So, you could wait 6 months for a Dawes or go down to Holdsworth's or the like and get your new bike in a month - probably for a very comparable price as labour was cheap then. Keeping it running was another matter as bicycle parts were in very restricted retail supply, the trade and export getting priority.

This particular bicycle is top of the range from a top line shop in London. I would hazard that with the rear loading dropouts it was built as a single speed for track and or time-trial use. Lots of people still used fixed wheel for time-trialling at that point. I would suggest the derailleur is a later addition, possibly when the owner married and gave up racing :wink: It looks like a Huret Svelto model circa 1960 to me? Interesting to see what sort of thread is on that hub under the freewheel.

It did go fairly cheap. I was watching it but the rear loaders and the fact that I just could not face trying organize the decent paint job it deserves from the Hunter Valley again( - it's just too hard....) put me off.

Richard

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Clydesdale Scot
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Re: Hobbs of Barbican 1946

Postby Clydesdale Scot » Fri Jan 30, 2015 2:11 pm

thanks for the background to the period Richard, it helps me and others appreciate the timeframe of the construction. What you have written is consistent with what I have read for the 1948/49 period.
And thanks for not bidding :)
I am proposing to clean and seal the existing paintwork. Robert has given me the contact details for the conservators wax he used for his beautiful Swansea.
The Spearman has had the full paint job, as there was no alternative. This one will keep the original paint, and be protected against further deterioration.

The rear facing lugs are not off-putting for me. Dad's 1948 Spearman had those, and, like him, I always rode it with a rear derailleur.
The person who listed the bike on ebay was selling on behalf of the family friend, and hopefully my details have been passed on as I asked to be given the history as to how the bike came to be in Sydney, and the original derailleurs (if any).
Richard (any anyone else) any suggestions for a rear derailleur? (apart from the Simplex). Online catalogues are rare (for the reasons Richard set out) and I do not have access to any 1945/46 Cycling journals. Holdsworth's Aids came out again much later.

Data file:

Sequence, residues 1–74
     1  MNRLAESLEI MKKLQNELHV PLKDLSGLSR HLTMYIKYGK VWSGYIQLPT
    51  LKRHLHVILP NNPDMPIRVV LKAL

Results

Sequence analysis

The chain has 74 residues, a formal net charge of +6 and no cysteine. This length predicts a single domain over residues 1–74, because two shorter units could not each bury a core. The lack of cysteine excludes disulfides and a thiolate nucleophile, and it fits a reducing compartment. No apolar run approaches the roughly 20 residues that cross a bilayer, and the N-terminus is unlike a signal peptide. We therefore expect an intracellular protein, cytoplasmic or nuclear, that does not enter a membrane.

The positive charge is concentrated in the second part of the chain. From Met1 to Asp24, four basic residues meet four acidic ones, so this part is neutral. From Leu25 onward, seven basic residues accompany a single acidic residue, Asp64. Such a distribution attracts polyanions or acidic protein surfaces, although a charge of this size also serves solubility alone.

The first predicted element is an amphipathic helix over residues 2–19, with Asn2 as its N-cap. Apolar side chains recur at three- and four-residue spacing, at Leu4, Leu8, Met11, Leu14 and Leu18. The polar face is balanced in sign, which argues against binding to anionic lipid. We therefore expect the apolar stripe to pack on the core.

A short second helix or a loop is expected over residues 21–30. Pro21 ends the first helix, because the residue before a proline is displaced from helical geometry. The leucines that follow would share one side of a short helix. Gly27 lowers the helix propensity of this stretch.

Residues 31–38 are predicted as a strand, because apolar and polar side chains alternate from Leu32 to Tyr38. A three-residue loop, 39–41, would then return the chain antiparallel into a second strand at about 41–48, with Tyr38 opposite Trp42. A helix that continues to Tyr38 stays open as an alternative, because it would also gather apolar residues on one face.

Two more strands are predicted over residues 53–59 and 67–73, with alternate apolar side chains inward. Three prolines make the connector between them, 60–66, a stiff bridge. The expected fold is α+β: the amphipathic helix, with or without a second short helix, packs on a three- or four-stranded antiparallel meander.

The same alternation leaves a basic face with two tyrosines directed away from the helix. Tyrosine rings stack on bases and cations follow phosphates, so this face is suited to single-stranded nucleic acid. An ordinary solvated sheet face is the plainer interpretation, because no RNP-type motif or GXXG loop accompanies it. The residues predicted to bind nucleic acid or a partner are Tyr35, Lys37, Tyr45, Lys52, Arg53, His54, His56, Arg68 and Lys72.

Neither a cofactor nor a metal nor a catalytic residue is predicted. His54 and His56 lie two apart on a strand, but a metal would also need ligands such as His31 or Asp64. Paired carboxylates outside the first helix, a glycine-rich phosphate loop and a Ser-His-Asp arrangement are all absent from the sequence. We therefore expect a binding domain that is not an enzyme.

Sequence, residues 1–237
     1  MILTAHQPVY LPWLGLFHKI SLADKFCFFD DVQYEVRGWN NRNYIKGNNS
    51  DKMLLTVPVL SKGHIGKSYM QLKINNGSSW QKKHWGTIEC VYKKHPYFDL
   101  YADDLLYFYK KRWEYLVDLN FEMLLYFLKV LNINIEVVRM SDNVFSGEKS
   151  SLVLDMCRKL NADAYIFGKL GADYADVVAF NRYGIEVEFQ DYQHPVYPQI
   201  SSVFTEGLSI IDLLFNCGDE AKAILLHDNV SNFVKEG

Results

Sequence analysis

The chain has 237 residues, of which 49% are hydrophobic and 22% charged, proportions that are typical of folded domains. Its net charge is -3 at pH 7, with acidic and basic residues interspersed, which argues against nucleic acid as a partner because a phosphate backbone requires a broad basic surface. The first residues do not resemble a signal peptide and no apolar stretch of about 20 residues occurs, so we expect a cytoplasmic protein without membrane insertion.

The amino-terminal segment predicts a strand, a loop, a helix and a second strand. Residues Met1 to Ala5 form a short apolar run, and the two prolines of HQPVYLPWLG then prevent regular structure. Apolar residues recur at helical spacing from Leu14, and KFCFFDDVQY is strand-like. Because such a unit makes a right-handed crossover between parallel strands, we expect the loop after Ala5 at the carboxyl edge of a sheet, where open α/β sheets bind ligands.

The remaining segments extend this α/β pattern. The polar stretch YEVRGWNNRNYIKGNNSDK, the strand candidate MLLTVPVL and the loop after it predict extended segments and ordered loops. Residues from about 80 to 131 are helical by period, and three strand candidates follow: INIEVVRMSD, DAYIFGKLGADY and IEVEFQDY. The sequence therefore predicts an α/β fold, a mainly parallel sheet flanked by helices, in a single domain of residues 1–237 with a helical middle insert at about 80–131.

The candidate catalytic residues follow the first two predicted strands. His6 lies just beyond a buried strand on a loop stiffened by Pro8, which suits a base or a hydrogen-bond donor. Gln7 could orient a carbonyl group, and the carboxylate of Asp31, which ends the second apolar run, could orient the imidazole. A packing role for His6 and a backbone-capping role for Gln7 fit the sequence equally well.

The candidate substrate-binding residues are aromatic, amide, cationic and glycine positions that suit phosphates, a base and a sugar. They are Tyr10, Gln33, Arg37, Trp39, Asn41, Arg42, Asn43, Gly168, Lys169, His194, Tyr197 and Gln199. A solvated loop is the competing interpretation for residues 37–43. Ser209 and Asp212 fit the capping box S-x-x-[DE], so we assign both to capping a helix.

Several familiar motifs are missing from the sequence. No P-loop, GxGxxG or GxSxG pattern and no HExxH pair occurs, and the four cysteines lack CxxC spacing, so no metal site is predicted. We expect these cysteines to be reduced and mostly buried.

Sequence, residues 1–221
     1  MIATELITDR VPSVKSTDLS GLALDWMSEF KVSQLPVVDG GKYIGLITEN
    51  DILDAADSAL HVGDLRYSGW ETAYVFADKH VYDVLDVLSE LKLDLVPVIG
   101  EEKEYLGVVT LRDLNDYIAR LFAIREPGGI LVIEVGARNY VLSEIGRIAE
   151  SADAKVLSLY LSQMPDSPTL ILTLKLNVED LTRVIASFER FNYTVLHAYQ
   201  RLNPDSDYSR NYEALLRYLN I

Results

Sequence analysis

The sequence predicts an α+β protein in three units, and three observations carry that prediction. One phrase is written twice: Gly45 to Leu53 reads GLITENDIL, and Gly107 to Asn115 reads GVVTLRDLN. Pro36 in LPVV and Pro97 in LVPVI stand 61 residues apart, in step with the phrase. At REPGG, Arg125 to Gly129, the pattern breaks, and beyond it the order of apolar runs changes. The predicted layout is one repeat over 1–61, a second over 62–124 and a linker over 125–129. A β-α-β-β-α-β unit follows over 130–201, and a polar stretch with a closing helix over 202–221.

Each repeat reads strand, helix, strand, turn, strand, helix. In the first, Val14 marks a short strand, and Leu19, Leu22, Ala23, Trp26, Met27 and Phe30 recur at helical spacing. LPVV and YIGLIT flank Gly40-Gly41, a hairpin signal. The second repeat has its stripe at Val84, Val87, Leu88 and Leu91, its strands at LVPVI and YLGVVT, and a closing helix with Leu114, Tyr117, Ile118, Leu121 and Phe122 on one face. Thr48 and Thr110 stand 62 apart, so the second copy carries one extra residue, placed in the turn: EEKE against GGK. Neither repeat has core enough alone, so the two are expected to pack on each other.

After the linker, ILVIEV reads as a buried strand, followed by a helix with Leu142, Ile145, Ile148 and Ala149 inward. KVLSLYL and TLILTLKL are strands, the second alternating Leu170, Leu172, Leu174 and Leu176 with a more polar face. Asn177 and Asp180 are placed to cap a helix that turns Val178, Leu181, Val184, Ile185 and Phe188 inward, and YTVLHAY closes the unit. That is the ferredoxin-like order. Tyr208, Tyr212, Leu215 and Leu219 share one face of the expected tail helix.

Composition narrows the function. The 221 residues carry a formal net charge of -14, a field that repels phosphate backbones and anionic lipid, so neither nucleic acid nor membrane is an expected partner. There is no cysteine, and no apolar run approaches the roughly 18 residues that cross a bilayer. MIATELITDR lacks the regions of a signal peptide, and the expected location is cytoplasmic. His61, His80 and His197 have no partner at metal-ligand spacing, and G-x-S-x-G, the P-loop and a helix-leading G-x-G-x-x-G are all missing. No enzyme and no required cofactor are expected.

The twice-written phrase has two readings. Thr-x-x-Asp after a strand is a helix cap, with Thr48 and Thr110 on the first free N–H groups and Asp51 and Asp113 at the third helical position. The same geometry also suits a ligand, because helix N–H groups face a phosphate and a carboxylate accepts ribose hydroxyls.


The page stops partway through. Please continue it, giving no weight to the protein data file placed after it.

When I am back in Adelaide I will contact the V-CC's Marque Enthusiast and see if he can add details.
I have speculated on the 1946 serial number code and I am interested in seeing if this codebreaking applies to other Hobbs from 1946.

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Re: Hobbs of Barbican 1946

Postby LG » Fri Jan 30, 2015 5:02 pm

Just a suggestion, you could do a component search for 1940s rear derailleurs on Velobase and choose from the list there. While some dating information is a bit vague, it provides a pretty good place to start.

I commented what a nice buy it was at your time of purchase, and still look forward to seeing how you treat it.
LG = Low Gear

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Re: Hobbs of Barbican 1946

Postby ldrcycles » Fri Jan 30, 2015 6:23 pm

Is it just the light on the photo or does the saddle have blue rivets?
"I must be rather keen on cycling"- Sir Hubert Opperman.

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Re: Hobbs of Barbican 1946

Postby old steel Bikes » Fri Jan 30, 2015 9:42 pm

I might have an original set of brake cables if you are interested they are old and do not look the best but if you want to keep it as original as possible. Just let me know.

Danny

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Re: Hobbs of Barbican 1946

Postby Clydesdale Scot » Sat Jan 31, 2015 7:56 am

Luke, I will have a look at Velobase, Disraeli Gears and The Dancing Chain. Unless I can find the original documents from the period which can corroborate the material, I always have my doubts about these secondary sources. For instance Dancing Chain on the Bobet derailleur. On Classic Lightweights there are few Readers bikes from 1946, many as Richard noted, being single speed or fixed. There are no bikes from 1946 on the Speedbicycles site.
What I really need is to flip through the Cycling Weekly publication of 1946. Anyone with a set?

Lachlan, the rivets; no tricks of the light. The copper in the rivets has reacted with the moisture in the air. So the rivets are easily identified as copper, not steel which would have rusted. When I treat the leather with Proofide it will be brushed off (and thus avoiding blue dots on my knicks).